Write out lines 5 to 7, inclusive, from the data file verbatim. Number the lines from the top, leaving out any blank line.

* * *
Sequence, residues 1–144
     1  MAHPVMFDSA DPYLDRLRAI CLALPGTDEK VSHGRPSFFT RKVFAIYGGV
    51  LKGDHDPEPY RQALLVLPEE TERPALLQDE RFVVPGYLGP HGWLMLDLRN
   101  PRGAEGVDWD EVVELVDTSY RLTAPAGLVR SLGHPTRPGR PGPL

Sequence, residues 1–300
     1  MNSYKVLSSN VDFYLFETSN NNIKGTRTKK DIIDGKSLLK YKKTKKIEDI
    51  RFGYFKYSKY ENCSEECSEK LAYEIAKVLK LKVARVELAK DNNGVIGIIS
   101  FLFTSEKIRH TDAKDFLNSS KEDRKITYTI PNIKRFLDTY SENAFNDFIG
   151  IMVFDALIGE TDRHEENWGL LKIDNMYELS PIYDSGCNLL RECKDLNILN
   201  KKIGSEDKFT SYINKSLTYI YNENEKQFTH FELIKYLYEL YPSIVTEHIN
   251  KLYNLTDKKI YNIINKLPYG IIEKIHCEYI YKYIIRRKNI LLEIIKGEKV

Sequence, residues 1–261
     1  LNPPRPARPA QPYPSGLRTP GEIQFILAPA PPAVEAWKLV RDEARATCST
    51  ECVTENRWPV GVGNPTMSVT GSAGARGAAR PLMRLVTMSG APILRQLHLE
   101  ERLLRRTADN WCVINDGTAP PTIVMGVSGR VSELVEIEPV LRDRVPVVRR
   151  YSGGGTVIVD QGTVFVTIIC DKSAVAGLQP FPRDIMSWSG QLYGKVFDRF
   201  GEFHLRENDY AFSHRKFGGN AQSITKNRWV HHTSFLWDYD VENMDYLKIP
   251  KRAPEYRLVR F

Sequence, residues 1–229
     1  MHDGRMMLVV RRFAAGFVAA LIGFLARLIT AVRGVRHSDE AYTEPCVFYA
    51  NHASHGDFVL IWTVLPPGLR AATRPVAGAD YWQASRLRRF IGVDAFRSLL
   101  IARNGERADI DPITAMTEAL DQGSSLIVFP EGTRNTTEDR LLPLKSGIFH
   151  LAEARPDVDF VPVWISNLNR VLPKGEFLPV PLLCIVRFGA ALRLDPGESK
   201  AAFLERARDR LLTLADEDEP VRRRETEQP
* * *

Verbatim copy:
Sequence, residues 1–300
     1  MNSYKVLSSN VDFYLFETSN NNIKGTRTKK DIIDGKSLLK YKKTKKIEDI
    51  RFGYFKYSKY ENCSEECSEK LAYEIAKVLK LKVARVELAK DNNGVIGIIS